Definitions for vanadiumvəˈneɪ di əm
This page provides all possible meanings and translations of the word vanadium
Random House Webster's College Dictionary
va•na•di•umvəˈneɪ di əm(n.)
a rare element occurring in certain minerals and obtained as a light gray powder or as a ductile metal: used to toughen steel.
Ref: Symbol: V 3
Origin of vanadium:
< NL (1830)
vanadium, V, atomic number 23(noun)
a soft silvery white toxic metallic element used in steel alloys; it occurs in several complex minerals including carnotite and vanadinite
A chemical element, (symbol V) with an atomic number of 23; it is a transition metal, used in the production of special steels.
Origin: Vanadis, a name of Freyja + -ium
a rare element of the nitrogen-phosphorus group, found combined, in vanadates, in certain minerals, and reduced as an infusible, grayish-white metallic powder. It is intermediate between the metals and the non-metals, having both basic and acid properties. Symbol V (or Vd, rarely). Atomic weight 51.2
Vanadium is a chemical element with the symbol V and atomic number 23. It is a hard, silvery gray, ductile and malleable transition metal. The element is found only in chemically combined form in nature, but once isolated artificially, the formation of an oxide layer stabilizes the free metal somewhat against further oxidation. Andrés Manuel del Río discovered compounds of vanadium in 1801 by analyzing a new lead-bearing mineral he called "brown lead," and presumed its qualities were due to the presence of a new element, which he named erythronium since, upon heating, most of its salts turned from their initial color to red. Four years later, however, he was convinced by other scientists that erythronium was identical to chromium. Chlorides of vanadium were generated in 1830 by Nils Gabriel Sefström who thereby proved that a new element was involved, which he named "vanadium" after the Germanic goddess of beauty and fertility, Vanadís. Both names were attributed to the wide range of colors found in vanadium compounds. Del Rio's lead mineral was later renamed vanadinite for its vanadium content. In 1867 Henry Enfield Roscoe obtained the pure element.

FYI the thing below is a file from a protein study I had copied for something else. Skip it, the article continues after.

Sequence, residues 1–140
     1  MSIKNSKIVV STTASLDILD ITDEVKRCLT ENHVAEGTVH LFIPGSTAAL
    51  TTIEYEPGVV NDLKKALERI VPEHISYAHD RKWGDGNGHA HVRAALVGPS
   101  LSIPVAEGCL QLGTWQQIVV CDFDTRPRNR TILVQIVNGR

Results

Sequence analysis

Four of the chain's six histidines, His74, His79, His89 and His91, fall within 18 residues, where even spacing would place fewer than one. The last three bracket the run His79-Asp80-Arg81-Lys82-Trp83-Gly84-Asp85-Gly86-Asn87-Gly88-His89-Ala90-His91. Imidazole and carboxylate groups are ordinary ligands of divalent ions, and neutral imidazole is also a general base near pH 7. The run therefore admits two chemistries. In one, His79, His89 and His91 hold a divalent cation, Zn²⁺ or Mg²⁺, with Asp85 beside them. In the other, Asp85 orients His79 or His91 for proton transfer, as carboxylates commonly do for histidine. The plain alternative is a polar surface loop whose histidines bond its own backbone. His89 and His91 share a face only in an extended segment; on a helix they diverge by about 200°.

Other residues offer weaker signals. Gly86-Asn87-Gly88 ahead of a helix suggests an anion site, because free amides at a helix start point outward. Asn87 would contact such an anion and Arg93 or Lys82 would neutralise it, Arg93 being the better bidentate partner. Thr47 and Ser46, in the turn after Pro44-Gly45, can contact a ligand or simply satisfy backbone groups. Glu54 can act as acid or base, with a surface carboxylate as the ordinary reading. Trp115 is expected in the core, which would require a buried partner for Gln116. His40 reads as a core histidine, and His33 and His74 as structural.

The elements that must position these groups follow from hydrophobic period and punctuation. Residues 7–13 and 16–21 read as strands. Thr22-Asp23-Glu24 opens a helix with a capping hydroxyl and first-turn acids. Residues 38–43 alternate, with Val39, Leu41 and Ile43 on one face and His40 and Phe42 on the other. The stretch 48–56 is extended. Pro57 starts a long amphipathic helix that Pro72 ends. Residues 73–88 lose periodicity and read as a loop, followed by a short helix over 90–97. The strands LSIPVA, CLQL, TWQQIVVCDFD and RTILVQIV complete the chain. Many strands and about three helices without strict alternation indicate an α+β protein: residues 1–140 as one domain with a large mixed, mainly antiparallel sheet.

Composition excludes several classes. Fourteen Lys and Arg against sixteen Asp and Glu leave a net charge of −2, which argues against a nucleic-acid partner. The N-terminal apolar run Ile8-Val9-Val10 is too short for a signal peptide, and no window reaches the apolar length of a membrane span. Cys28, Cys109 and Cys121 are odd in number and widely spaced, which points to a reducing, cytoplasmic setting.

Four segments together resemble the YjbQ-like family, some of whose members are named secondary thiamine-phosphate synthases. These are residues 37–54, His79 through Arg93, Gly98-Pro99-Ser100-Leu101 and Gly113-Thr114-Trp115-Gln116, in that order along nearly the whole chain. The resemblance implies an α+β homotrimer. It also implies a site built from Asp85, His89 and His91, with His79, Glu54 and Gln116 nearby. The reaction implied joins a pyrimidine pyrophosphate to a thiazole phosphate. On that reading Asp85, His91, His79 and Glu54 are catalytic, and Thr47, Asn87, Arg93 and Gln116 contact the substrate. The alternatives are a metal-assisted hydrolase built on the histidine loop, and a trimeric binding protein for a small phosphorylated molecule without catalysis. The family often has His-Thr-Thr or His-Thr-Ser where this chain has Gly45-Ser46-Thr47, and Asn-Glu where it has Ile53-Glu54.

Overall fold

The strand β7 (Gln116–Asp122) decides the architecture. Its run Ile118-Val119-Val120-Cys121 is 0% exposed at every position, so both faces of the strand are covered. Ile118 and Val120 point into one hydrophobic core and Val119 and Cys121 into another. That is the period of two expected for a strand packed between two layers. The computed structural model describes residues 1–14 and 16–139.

The Nuttall Encyclopedia
a metallic silver-white elementary body of rare occurrence, and occurring in very small quantities; discovered first in 1801 by Del Rio.
U.S. National Library of Medicine
A metallic element with the atomic symbol V, atomic number 23, and atomic weight 50.94. It is used in the manufacture of vanadium steel. Prolonged exposure can lead to chronic intoxication caused by absorption usually via the lungs.
Find a translation for the vanadium definition in other languages:
Select another language: